Today: Did you miss JACKSON WHOLE? Global manufacturing getting reshuffled. Earnings Watch.
Jackson Hole Theme: Labor Markets Can’t Take Higher Rates Global central bankers led by Federal Reserve Chair Janet Yellen said labor markets still have further to heal before their economies can weather higher interest rates.
The focus on jobs suggests the Fed and Bank of England will tighten policy within a year as their economies show signs of strengthening. By contrast, European Central Bank President Mario Draghi and Bank of Japan Governor Haruhiko Kuroda acknowledged they may be forced to deploy fresh stimulus. (…)
Yellen’s message was “there is room for debate over how much slack, as we say, is in the U.S. labor market,” said former Fed Vice ChairmanAlan Blinder, who now teaches at Princeton University in New Jersey. “But in her view, as she looks at all the evidence, the case is close to overwhelming that there is a significant amount left.”
Blinder said there’s a “vigorous debate” among economists and investors about how sluggish the labor market still is. Its surprising strength suggests “we are closer to Fed liftoff than we were a year ago” and rates probably will be increased early next year, he said. (…)
More Economists See Fed Policy As Too Loose Economists overwhelmingly expect the Federal Reserve to hold off raising short-term interest rates until at least 2015. But nearly a third say doing so would mean the central bank waited too long, a new survey found.
The share of economists saying the Fed should raise rates in 2014 has grown from 25% in the organization’s February policy survey.
In a separate Wall Street Journal survey released earlier this month, 91% of economists said the Fed waiting too long to raise rates was a greater risk than lifting rates too soon.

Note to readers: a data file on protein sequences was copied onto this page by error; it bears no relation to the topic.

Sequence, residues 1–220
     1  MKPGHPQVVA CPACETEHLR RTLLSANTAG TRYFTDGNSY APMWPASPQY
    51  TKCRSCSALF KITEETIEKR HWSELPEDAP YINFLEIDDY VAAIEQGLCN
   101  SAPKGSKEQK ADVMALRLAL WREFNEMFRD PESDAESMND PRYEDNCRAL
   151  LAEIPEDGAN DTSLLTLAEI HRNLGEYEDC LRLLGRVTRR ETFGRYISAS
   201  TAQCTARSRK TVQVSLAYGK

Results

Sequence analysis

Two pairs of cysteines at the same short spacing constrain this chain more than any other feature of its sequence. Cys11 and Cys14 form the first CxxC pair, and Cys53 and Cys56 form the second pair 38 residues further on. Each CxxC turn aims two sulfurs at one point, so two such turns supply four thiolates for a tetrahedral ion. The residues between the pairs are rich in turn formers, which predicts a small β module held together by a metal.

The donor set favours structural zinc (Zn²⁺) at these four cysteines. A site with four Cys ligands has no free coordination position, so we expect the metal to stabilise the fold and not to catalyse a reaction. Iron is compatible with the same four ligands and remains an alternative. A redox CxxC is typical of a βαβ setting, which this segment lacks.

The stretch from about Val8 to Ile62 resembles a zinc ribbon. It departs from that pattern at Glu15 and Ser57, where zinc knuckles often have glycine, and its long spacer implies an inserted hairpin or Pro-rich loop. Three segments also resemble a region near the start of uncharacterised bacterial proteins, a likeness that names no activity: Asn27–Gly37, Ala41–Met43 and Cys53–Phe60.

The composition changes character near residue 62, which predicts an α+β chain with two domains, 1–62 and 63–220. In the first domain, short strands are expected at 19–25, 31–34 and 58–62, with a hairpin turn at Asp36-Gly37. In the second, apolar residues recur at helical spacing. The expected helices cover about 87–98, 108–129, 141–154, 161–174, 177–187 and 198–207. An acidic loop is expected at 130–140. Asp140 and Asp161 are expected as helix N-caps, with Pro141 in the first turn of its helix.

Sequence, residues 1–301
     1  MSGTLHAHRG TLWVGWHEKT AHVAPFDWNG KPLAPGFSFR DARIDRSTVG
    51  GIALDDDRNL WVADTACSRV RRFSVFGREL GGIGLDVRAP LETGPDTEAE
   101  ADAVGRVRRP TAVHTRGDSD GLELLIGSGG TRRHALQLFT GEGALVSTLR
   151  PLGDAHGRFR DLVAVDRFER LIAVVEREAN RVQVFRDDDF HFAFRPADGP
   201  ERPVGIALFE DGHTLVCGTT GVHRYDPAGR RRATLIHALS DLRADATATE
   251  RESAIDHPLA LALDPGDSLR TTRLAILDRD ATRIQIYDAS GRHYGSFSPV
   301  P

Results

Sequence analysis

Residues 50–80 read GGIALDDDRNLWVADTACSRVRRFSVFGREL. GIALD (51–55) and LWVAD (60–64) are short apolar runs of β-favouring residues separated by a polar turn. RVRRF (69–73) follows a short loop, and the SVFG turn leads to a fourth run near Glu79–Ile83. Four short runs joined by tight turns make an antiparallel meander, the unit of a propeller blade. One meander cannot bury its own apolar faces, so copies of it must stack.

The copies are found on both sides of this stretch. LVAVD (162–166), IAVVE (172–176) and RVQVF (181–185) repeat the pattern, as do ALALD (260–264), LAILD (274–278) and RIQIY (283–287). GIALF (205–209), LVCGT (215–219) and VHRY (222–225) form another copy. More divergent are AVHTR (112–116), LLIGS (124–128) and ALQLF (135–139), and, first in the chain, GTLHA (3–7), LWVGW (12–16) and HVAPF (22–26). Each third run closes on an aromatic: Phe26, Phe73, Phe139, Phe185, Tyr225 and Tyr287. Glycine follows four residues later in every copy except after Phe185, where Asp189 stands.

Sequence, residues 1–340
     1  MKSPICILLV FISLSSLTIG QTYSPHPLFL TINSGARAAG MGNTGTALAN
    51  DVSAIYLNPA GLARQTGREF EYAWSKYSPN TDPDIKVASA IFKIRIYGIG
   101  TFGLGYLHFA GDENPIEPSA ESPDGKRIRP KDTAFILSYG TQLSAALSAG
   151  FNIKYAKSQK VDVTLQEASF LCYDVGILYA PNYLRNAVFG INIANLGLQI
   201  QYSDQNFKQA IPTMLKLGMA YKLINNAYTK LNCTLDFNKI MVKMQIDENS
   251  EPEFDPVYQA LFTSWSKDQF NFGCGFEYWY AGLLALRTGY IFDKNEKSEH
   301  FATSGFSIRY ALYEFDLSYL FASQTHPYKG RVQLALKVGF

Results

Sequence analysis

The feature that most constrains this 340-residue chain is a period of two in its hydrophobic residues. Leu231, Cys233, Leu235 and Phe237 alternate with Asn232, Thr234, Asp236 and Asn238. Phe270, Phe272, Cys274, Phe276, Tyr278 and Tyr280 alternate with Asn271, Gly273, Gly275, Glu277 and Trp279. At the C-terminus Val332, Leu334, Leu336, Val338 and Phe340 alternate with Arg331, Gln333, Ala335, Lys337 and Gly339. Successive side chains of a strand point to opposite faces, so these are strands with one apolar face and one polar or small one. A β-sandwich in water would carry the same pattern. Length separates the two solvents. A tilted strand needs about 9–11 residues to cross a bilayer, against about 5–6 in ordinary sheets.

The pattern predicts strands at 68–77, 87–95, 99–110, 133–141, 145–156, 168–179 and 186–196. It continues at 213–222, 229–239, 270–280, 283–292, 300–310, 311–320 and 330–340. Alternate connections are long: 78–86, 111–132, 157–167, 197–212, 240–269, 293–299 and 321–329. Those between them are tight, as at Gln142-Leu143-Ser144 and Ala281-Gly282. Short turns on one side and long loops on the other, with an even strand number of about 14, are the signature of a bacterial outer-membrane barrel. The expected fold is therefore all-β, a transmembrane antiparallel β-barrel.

Euro Down on Draghi Comments The euro sank to its lowest level in nearly a year and European stocks climbed, after ECB President Mario Draghi signaled a shift in emphasis.
“The main thing people should understand is that our policy is quite capable of being fully independent, as it has been these past few years,” Mr. Poloz said in an interview at the annual gathering of central bankers and economists at Jackson Hole, Wyo., over the weekend. (…)
While Mr. Poloz insisted he wasn’t making predictions, he offered several reasons to explain why he would feel no pressure to reflexively follow the Fed. For one, the Bank of Canada has a head start. “It’s worth reminding people that we are at 1 per cent,” Mr. Poloz said. “In this world, that’s a high number when everything is starting at zero.”
The Bank of Canada is seeking to return its benchmark interest rate to a setting that neither stokes inflation nor hurts the economy. Before the crisis, the “equilibrium rate” was understood to be about 4 per cent. The central bank now thinks scars from the crisis have lowered that rate. “When you think the equilibrium number is at some lower rate than in the past, which I do, but I don’t know yet what it might be, then at least we know that we are part way there already,” Mr. Poloz said.
The other factor is the relative strength of the two economies. The U.S. has considerable forward momentum, while Canada still is waiting on a revival in exports and business investment. Stronger demand in the U.S. should benefit Canada’s economy. Monetary policy in the two countries is so similar because of their close trade links: When the U.S. economy grows, Canada sells more exports, which boosts economic growth and puts upward pressure on inflation.
Canada’s loss of market share raises questions about whether stronger U.S. growth will boost Canada’s economy to the extent it has in the past. Mr. Poloz says he is counting on new exporters to replace those wiped out by the recession, creating an incentive to leave borrowing costs low to help those entrepreneurs get started. Canada’s job growth this year is almost entirely driven by part-time positions, while U.S. employers are adding jobs at one of the most impressive rates on record.
“The linkage between their recovery and ours is not mechanical … We still have question marks around ours,” Mr. Poloz said. “We ought to be able to strike a fully independent course determined by these other things quite independently of what theirs are.”
Like Draghi, Poloz wants (needs) a weaker currency. This is not unrelated:
(…) According to a new report from the Boston Consulting Group—which for several years has tracked the competitiveness of global producers—the old assumptions of low cost versus high-cost regions is outdated. (…)